Nowadays, the proper way to write a TI-68k emulator would be to rewrite a pure C/C++ code base, starting from the TIEmu code base, and use Emscripten to target asm.js and soon WebAssembly.

QuoteShould I just include the extgraph header in my repository in X3D-68k/src/headers?

You can copy or link the files from ExtGraph to that location on your computer, but please do not add them to the repository: there are already too many outdated versions of ExtGraph being shipped around :)
It's likely that even some TICT software, i.e. myself, is guilty.
Member of the TI-Chess Team.
Co-maintainer of GCC4TI (GCC4TI online documentation), TIEmu and TILP.
Co-admin of TI-Planet.

catastropher

July 14, 2015, 01:59:30 pm #55 Last Edit: July 14, 2015, 10:52:15 pm by catastropher
Quote from: Lionel Debroux on July 14, 2015, 11:54:14 am
Just did it locally :)
Given that this is not the only piece of inaccurate/outdated information in the trunk/tigcc/doc/System/Include/intr.h/SetIntVec.hsf file (for instance, on HW3/4, AUTO_INT_3 no longer is a 1 Hz timer, it's used for USB), a more involved pass on this page and several of its siblings is warranted. It's just another proof that most of the GCC4TI documentation was written in the late 1990s and early 2000s, before the V200 (2002) and 89T (2004) became available for purchase. Documentation and library work largely stagnated after 2002-2003 for multiple reasons outside of the scope of this topic, such work only resumed with GCC4TI.

Great thanks! Let me know if there's anything I can do to help! I want to do as much as I can to help breath life into the platform :)

Quote from: Lionel Debroux on July 14, 2015, 11:54:14 am
The authoritative resource for documentation on the TI-68k series' hardware (for HW1 and HW2, that is) is known as "J89hw.txt", mainly written by Johan Eilert, and improved later based on newer work by e.g. ExtendeD (port 70001F, for instance).
The most recent version of that file is in the TIEmu repository, and mirrored at http://tict.ticalc.org/docs/J89hw.txt . IOW, I'm supposed to be the maintainer of both the file and the mirror. ExtendeD's newest work on HW3/4 I/O ports (710000-7100FF) was never reformatted for inclusion into that file, and no emulator emulates most of those ports.

Thanks for the resource! Sorry again for being misinformed :P

Quote from: Lionel Debroux on July 14, 2015, 11:54:14 am
You can copy or link the files from ExtGraph to that location on your computer, but please do not add them to the repository: there are already too many outdated versions of ExtGraph being shipped around :)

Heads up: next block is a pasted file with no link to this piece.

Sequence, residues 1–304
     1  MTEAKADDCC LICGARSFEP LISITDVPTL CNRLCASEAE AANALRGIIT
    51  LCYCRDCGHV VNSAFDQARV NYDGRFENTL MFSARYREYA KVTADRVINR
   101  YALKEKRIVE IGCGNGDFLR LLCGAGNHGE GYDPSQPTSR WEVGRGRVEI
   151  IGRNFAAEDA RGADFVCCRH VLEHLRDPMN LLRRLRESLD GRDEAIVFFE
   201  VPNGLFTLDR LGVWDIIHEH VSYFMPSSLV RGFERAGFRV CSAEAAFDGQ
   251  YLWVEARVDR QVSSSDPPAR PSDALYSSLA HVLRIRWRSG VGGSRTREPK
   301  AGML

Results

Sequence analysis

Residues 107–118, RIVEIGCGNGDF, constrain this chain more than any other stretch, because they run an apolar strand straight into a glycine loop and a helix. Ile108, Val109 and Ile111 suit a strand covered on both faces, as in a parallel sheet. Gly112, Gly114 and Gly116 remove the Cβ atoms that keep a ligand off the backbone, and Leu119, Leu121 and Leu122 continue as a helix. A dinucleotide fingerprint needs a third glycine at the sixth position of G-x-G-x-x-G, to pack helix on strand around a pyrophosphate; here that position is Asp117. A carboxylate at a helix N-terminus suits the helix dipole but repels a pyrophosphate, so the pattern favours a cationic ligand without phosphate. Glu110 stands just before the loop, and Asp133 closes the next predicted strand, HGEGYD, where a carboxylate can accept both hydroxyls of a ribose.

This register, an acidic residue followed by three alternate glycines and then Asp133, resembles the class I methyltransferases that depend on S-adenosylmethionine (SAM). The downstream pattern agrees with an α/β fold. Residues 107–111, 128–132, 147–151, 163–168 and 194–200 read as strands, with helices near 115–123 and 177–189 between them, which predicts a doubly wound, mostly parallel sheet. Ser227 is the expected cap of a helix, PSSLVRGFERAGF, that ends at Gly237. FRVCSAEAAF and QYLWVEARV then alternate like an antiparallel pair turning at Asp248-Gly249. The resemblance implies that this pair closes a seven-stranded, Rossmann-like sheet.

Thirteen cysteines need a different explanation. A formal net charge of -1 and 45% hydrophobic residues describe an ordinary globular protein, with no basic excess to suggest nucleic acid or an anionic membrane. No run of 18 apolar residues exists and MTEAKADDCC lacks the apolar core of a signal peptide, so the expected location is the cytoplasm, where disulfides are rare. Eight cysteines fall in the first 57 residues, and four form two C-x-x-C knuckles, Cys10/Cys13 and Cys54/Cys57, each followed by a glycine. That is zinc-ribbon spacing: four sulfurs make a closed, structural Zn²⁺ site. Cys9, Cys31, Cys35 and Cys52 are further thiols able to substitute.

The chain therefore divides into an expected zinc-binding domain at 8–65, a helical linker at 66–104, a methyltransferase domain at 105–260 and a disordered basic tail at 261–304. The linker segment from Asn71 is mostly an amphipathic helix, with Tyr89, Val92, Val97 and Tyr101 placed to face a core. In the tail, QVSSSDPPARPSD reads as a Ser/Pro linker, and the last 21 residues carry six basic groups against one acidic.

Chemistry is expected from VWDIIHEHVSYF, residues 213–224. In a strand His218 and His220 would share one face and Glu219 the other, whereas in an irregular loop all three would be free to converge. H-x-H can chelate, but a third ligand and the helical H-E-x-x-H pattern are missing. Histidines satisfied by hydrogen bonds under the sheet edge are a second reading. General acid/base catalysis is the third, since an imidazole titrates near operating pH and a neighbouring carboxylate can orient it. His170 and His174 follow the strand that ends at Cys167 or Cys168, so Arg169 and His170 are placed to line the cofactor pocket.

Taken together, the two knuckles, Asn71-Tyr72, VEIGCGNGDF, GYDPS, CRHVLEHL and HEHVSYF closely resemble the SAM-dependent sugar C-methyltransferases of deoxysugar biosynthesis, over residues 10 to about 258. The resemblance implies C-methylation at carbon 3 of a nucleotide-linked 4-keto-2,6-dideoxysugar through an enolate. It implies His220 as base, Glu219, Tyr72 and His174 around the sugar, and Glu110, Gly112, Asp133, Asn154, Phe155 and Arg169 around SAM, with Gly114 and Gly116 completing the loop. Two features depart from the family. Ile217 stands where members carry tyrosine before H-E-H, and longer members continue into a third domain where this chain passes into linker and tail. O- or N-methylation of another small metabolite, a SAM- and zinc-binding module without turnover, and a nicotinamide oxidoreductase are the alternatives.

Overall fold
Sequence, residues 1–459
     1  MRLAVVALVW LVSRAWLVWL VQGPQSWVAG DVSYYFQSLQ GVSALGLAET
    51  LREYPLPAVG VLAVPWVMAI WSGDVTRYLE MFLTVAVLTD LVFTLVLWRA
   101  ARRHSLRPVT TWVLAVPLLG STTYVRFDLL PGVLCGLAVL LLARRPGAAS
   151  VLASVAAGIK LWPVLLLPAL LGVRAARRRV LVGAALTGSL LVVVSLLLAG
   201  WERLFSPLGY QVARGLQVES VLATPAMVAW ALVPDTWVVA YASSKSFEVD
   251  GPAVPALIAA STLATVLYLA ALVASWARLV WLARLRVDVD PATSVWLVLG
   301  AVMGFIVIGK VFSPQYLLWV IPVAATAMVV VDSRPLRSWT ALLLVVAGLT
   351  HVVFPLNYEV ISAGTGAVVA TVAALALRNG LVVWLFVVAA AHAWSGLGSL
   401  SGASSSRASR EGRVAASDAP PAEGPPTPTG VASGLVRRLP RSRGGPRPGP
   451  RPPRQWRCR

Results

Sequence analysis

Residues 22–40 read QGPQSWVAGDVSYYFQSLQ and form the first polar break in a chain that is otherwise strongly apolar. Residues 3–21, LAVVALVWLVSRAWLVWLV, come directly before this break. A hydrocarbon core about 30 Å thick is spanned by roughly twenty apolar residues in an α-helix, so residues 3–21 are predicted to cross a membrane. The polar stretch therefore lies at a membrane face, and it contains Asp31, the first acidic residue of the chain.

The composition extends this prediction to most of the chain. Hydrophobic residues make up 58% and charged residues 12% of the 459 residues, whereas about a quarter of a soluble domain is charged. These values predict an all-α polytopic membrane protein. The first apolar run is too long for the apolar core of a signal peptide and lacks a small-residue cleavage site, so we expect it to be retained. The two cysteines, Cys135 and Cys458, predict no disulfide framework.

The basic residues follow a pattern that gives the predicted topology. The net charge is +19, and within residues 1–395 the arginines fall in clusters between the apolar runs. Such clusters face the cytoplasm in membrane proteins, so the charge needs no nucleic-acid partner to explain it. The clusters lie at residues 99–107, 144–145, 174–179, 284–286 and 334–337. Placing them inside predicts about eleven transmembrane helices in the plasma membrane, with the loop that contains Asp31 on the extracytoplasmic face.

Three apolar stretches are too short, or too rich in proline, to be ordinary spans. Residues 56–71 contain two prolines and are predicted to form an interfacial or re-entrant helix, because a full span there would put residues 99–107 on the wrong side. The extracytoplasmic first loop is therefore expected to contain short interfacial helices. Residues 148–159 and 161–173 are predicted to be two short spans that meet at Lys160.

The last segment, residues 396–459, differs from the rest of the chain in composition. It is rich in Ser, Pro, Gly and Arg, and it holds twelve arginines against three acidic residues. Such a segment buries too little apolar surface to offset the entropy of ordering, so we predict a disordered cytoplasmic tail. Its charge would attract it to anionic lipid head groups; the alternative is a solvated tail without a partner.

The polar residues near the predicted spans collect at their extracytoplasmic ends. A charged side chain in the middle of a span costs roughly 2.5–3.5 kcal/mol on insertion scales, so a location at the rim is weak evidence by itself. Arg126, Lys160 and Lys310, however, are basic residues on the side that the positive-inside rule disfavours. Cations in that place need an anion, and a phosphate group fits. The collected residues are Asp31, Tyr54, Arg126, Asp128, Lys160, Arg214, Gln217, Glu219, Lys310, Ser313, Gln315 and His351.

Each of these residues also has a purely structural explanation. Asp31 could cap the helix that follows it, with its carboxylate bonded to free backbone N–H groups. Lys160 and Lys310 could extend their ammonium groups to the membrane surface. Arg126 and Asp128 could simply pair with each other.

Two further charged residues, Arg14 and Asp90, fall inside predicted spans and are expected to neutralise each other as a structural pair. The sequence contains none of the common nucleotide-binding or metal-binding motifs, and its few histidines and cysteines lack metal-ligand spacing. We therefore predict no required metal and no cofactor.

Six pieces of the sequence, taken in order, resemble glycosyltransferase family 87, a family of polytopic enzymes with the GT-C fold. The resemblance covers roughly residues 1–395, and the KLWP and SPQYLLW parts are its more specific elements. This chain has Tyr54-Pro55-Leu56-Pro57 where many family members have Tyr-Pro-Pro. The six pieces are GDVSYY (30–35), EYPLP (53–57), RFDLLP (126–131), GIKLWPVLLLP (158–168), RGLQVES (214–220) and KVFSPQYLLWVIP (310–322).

It's likely that even some TICT software, i.e. myself, is guilty.

Awesome, I'll update the readme and includes when I get the chance :D

Edit: I updated the readme with a link to GCC4TI instead of TIGCC :) I will update the code to expect extgraph in a different folder soon, after which I will update the readme again.
Creator of X3D, a 3D portal rendering game engine for Nspire, 68k, and PC

DJ Omnimaga

IIRC, the last update in TIGCC was adding Windows Vista support in 2007 or 2009 O.O . I'M glad that someone took over  to maintain it. I can't wait for X3D updates to see more of this program into action :)

By the way, are there 68K emulators that allows you to slow down emulation, like with Nspire_emu and WabbitEmu? That can be handy during screen capture with Camstudio and such software, because then you can speed the video back up and you get much smoother screenshots that do the program's justice and it would be nice for people without 68K calcs to see an animated screenshot showing the full speed potential of this engine. :)

Lionel Debroux

July 20, 2015, 05:53:46 am #57 Last Edit: July 20, 2015, 05:55:30 am by Lionel Debroux
Yes, the JS TI-68k emulator can slow emulation down. However, it does not support producing animated screenshots by itself, unlike jsTIfied.

Full Vista+ (UAC) support was actually added after TIGCC became unmaintained for practical purposes, as part of GCC4TI.
Member of the TI-Chess Team.
Co-maintainer of GCC4TI (GCC4TI online documentation), TIEmu and TILP.
Co-admin of TI-Planet.

DJ Omnimaga

That's good. I normally use a third-party video capture software then I convert the AVI into GIF, and I produced particularly smooth (although sometimes very large) animated GIFs or AVI files of TI-Nspire programs before. Most old 68K screenshots flickers and/or lags a lot.

catastropher

Hello guys! I would like to apologize for my extended absence. X3D is still being very actively developed though! However, we've had difficulty getting the project organized. Worse, X3D was originally developed as a static library, but we've found that the size is just too big. Thus, the project is now going be a DLL (for the core) and a static library (for extra features). So... the entire project is going to be written (for what, the 5th time now? :P) If anyone is interested in joining the project, now would be the perfect time because there's a lot to do and many opportunities to contribute! There's not much code currently, but check out https://github.com/catastropher/X3D-68k/wiki/Building-For-68k-Calculators for how to build it!
Creator of X3D, a 3D portal rendering game engine for Nspire, 68k, and PC